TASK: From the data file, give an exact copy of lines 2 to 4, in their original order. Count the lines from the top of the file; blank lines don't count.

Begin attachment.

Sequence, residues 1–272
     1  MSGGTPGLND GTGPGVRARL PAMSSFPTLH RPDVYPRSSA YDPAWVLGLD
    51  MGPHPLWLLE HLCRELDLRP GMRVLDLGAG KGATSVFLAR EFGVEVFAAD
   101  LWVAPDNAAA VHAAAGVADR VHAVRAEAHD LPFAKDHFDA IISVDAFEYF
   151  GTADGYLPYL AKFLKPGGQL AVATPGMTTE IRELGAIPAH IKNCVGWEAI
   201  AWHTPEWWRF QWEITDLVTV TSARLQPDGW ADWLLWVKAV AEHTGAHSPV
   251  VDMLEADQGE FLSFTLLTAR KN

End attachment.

     1  MSGGTPGLND GTGPGVRARL PAMSSFPTLH RPDVYPRSSA YDPAWVLGLD
    51  MGPHPLWLLE HLCRELDLRP GMRVLDLGAG KGATSVFLAR EFGVEVFAAD
   101  LWVAPDNAAA VHAAAGVADR VHAVRAEAHD LPFAKDHFDA IISVDAFEYF